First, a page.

Behavior Trees for Next-Gen Game AI (Video, Part 1)

Alex J. Champandard on December 12, 2007

Quite a few people asked for a PDF of my slides from my lecture at the GDC in Lyon, but I promised to do better and release a video with the animations an the whole audio. Here is the first part of the talk; it’s exactly 22:37 minutes long.

In the video, I go over the motivation for behavior trees, in particular how they relate to other techniques using hierarchical logic and what problems they address. I also give a quick introduction of the concepts behind behavior trees using a simple guard dog example that you should be familiar with if you’ve been following the tutorial series here on

It took much longer than expected to prepare, but at least I’m a little more comfortable with video editing tools now! The second part will be posted this Sunday, and is reading for being edited… Be sure to subscribe to be notified when it’s released.

Discussion 7 Comments

Dave Mark on December 13th, 2007

Hell, it takes longer than 22 minutes to download the bloody thing! That's a whopper, Alex!

alexjc on January 4th, 2008

Well, it seems the video has trouble loading under internet explorer. If I use Javascript, it works out ok in IE 6/7. But when I do, then it gets messed up in feed readers... In the future, I'll use a forum to provide high-quality videos that registered members can download freely :-)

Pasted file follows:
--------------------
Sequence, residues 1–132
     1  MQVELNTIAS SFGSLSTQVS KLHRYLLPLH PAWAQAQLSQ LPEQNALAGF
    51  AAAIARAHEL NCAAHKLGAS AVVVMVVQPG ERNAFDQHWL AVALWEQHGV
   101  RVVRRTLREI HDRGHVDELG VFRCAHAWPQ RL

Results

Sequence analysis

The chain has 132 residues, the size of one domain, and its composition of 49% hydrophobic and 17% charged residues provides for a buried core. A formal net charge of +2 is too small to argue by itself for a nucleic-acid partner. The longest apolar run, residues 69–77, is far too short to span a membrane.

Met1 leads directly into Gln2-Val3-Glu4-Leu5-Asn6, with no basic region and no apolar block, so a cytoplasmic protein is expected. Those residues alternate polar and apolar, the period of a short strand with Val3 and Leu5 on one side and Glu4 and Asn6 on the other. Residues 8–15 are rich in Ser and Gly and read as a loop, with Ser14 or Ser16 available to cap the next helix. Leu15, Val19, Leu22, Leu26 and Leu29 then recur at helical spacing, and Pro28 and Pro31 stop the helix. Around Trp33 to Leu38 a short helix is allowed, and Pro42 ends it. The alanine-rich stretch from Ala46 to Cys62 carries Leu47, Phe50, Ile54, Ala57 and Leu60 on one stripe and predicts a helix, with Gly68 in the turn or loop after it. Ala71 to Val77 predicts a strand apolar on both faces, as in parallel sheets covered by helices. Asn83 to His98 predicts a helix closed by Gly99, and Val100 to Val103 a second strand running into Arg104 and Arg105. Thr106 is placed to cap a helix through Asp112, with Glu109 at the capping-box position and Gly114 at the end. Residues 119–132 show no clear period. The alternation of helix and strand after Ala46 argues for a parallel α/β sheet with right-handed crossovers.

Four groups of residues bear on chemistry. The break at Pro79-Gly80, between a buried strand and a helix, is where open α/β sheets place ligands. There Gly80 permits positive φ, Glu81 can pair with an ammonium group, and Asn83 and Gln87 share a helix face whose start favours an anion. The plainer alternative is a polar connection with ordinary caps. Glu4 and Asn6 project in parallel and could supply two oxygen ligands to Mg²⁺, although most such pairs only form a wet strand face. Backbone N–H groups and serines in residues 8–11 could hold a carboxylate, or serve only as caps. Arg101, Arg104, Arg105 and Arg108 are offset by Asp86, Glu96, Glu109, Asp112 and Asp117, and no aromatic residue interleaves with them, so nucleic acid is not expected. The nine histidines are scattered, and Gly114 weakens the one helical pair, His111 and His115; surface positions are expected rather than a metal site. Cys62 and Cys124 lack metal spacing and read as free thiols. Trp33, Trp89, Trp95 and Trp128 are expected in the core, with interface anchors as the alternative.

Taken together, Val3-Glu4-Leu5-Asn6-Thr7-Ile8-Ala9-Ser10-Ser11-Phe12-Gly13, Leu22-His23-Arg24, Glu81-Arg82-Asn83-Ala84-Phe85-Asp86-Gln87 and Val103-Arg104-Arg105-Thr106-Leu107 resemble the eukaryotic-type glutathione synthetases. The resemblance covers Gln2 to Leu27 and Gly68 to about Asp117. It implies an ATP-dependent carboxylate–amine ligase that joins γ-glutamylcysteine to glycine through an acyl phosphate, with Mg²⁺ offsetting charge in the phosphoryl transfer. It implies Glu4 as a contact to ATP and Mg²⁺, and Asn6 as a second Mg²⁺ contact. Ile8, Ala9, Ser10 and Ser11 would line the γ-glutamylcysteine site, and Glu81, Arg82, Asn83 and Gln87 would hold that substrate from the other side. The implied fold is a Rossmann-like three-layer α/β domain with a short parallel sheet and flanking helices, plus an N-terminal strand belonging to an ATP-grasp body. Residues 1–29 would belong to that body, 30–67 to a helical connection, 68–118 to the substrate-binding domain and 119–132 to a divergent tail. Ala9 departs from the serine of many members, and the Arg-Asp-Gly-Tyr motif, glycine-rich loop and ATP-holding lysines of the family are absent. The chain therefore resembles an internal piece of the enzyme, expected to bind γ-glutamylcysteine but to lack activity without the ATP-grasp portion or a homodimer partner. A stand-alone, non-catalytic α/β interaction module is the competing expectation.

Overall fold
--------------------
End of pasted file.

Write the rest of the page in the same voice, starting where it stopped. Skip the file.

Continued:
Crash on March 21st, 2008

Hi Alex, I am also having difficulty viewing the videos on the blog. Have you already uploaded them somewhere else for download? I am very keen to see this material. Sam,

dannyBlue on March 21st, 2008

where can i find the video?

Crash on March 22nd, 2008

The video is at: [url][/url] I don't know if alex's announcement today about videos in the other forum was in refrence to this but it worked ok for me today. Very informative and I look forward to watching the others soon.

kofman on May 9th, 2008

Incredibly informative. Myself, being totally inexperienced with HTN Planners and the like, I walked away with a great understanding of Behavior Trees after watching this video. About to move onto the next two.

jadnohra on July 12th, 2008

before I jump into part2, this is the first time I see a way of 'piping' all those pieces of logic that actually do sthg (called conditions and actions here), in a really convenient way ... the concept of forcing a task to either fail or succeed and nothing else is great, it forces you to build the complexity around the behavior tree's structure, thus forcing you to make actions and conditions that are really pluggable. add the way the tree is executed using selectors and sequences, this makes it definitely a sensible 'structure' that removes the fear of things breaking down at every small unexpected event. I was always grumpy about all the other solutions, this is the first one that makes me intuitively think, mmm this might be it. so thx for introducing / sharing!

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